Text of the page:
Have a Plan for What’s on the Screen and When It’s On the Screen
When you run a meeting in the real world, you probably think carefully about what you are going to say, and you also probably take time to think about what you are going to show and when.
It’s the same in virtual meetings, except that you have to be even more intentional about what you are going to show. This is due to the nature of running visuals inside a visual medium. Very meta.
By default Meetings in Teams will show four thumbnail video feeds and then adjust those based on the engine’s best guess at who is talking and presenting.
This is fine, but if you are trying to communicate complex ideas to people it works much better if you have visuals, and thankfully, you’re already presenting from a computer, so you know, you have a lot of options to choose from.
Meetings in Teams makes this pretty easy and gives you a number of screen sharing options, including the ability to broadcast a PowerPoint to the participants.
One cool feature of the PowerPoint tool is that you can give participants the option to work their way through it at their own pace or you can keep them on the same slide you are presenting on.
Another facet of screen sharing is that you have to pay careful attention to what you choose to share. There are a number of options.
If you want to make sure that attendees see your screen no matter what window you are in choose Desktop. This will follow you as you toggle through windows and ensure that participants see your screen.
If you want to be able to look at other things on your computer (like that Fred Meyer pick up order you’ve been working on) but not let attendees see them you can choose Window as an option. Here you click on the thumbnail of the window you want them to see and the screen share will stay on that window even if you toggle away from it.
Taking some time to think about the ‘when’ is also important. Do you want attendees to follow you through some steps to get to a place in teams? That’s a good time to choose Window and show them your Team. Taking a few minutes to plan the when will help a lot with keeping participants engaged.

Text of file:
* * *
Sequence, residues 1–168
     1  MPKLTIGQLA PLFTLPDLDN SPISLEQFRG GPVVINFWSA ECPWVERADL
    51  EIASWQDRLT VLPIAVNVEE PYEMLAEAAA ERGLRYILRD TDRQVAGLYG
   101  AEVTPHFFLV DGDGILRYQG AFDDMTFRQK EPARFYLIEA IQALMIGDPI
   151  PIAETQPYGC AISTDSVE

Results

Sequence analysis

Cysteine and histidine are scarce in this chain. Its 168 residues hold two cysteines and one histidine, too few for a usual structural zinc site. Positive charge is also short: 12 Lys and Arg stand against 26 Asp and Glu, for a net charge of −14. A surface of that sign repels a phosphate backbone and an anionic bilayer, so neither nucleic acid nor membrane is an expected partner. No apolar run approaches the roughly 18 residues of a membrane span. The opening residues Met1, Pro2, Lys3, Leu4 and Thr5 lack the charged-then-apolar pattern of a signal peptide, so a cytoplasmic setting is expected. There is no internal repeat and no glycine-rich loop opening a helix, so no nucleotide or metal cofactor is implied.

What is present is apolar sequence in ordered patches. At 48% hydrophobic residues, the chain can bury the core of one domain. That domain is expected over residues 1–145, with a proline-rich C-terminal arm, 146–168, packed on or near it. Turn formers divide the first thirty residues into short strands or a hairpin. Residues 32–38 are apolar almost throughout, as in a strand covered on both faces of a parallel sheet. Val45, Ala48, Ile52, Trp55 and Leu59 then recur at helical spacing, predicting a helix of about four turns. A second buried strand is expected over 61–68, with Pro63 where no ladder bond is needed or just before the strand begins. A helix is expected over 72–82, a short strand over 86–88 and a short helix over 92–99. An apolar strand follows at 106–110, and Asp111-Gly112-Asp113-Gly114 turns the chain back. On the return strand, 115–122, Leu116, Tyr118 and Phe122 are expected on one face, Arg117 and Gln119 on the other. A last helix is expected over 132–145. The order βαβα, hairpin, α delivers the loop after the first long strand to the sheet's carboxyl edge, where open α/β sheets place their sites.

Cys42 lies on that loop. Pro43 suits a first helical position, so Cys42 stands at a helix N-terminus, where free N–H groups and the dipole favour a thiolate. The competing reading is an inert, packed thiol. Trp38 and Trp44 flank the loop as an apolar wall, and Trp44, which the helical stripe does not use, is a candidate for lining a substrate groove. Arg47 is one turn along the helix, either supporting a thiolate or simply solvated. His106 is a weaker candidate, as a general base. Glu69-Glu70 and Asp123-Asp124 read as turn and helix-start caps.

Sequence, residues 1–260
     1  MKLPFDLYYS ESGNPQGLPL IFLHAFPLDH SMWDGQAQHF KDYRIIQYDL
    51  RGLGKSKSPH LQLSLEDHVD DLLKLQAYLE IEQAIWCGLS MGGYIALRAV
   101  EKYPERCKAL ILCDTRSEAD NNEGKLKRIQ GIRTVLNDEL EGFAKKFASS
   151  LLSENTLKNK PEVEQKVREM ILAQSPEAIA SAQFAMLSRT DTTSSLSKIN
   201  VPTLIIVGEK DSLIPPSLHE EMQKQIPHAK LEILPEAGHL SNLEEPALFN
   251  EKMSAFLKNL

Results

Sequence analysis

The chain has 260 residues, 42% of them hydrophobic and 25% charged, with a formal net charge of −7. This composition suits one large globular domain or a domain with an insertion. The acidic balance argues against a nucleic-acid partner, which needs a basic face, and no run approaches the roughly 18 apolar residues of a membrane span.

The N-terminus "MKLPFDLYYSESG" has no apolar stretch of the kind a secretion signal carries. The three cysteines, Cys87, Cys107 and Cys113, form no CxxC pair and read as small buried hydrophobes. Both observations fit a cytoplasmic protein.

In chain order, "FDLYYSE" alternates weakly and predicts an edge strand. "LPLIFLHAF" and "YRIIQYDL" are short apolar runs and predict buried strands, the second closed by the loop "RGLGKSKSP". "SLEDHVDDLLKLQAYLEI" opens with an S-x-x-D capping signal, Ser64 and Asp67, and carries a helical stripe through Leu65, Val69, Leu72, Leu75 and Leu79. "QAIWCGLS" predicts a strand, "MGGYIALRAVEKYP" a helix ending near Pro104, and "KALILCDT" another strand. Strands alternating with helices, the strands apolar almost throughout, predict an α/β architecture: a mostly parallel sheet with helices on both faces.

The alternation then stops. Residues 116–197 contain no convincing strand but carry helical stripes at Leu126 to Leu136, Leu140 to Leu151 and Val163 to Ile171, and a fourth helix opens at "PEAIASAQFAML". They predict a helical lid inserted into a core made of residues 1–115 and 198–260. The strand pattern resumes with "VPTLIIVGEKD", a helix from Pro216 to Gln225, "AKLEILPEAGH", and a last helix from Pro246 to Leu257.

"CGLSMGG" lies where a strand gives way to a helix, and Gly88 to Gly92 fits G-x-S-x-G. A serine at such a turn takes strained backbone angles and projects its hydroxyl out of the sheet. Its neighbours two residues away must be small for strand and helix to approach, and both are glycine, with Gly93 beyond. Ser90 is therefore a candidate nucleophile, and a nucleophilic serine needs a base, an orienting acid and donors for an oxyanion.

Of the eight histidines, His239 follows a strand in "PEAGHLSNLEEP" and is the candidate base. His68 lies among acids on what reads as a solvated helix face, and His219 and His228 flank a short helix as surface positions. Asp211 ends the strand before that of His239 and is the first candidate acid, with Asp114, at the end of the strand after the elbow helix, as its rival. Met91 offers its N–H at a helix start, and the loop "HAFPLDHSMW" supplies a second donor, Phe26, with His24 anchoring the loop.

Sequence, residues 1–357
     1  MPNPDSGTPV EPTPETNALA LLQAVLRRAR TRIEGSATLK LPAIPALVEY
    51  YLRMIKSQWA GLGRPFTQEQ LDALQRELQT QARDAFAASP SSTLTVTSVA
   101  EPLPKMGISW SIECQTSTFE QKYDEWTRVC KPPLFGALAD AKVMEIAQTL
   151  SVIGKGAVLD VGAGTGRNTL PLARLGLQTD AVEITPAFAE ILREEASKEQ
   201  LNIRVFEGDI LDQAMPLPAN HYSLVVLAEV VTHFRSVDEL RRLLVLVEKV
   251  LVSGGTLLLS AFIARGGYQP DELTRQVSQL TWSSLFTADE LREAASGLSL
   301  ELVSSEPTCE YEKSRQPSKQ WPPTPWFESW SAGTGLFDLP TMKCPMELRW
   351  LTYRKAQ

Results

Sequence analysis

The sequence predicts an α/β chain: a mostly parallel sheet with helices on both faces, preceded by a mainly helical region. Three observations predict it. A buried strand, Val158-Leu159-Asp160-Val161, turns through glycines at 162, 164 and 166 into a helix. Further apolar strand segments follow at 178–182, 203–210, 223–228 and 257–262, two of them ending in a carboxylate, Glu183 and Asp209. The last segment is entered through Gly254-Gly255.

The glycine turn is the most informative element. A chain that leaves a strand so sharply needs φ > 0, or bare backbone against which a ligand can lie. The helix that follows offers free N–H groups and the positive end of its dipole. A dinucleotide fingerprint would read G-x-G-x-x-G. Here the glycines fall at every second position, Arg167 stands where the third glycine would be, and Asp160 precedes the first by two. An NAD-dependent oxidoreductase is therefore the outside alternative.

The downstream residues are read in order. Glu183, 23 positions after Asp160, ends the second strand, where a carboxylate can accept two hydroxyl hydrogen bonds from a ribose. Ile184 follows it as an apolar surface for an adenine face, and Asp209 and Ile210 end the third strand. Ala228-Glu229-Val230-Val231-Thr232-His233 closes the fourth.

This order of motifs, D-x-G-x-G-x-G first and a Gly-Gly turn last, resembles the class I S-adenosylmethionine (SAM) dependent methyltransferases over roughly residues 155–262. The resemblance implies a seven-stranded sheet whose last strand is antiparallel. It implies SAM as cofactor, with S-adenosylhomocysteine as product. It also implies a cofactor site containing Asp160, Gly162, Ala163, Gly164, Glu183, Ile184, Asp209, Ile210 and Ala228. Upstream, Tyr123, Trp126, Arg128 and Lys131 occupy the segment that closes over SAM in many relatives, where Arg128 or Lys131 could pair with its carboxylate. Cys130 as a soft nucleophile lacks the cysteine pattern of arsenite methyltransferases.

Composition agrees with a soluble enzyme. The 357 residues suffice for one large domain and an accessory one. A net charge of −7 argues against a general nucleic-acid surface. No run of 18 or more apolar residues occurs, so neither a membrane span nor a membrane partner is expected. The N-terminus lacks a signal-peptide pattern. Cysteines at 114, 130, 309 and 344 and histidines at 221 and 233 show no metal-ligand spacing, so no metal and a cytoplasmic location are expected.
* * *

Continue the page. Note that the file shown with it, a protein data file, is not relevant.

One last tip.
There will be a thin red marker box around the window if you are sharing that window with attendees. This is a quick and easy way to ensure that you know what they are seeing.
One area that Teams suffers a bit is in presenter controls. This is a legacy issue due to the fact that Teams was created for collegial collaboration and assumed that all participants were equal presenters.
They have added a few things to help a presenter rest a little more control over the process though.
If you schedule a meeting (do it from a specific team though) and then go back and click into the Meeting Details (click on on the purple bar that appears) you will notice a small button called Meeting Options has appeared near the top the screen.
Clicking on this button will open the following screen in a browser. Once there you will see that you can control who the presenter in a meeting is.
Why would you want to do this?
When only you (or a small group) are the presenter, everyone else is considered an attendee.
This limits their participation in some important ways.
Number one is that they can take control of the screen without your permission. If you want to hand things off to an attendee you still can but it’s under your control.
Another benefit is that you can mute everyone with a click of the button through the participant window (button on the tool bar that looks like a couple of people.)
One final benefit is that you will be able to push out closed captioning to all the participants.
Include System Audio Is Pretty Sweet
Hidden in the Share Screen Tray, is a little toggle called include system audio. Toggling this on will pull whatever audio is coming from your computer into the meeting. I was a little skeptical at first but in our testing the sound quality was pretty good.
I like this little trick because it gives the option of playing some music while people are joining the meeting or showing a video that everyone can watch in meeting.
This whole running a video meeting is something new for most of us.
Consequently, it makes sense that you’re not going to be a super star at right out the gate and probably won’t be comfortable with it for a while.
I spent a lot of time this week just trying things out in practice meetings with team members and colleagues. We tried out different scenarios, posed what if questions and honestly, tried to break things (I’ve always been a little hard on things…sorry mom.)
This time was immensely helpful in helping me understanding the dynamics of the tool and to grow my understanding of operating in a new mode. It also allowed me to retrofit and retool my teacher/presenter tool kit.
All the time and practice also allowed me to get super comfortable navigating a new modality of presenting that while not a replica of what I can bring in the in person, turns out to be a powerful medium in its own right.
Some More Teams Resources
Here are some more resources for getting going with Teams.
Teams for Education QuickGuide
Use Teams to Support Your Team
Thanks Josh. Does Kyte have tutorials on meetings in teams? Do you recommend?
Kyte doesn’t have a lot on Teams. We are working to put together some courses and hope to have those up soon.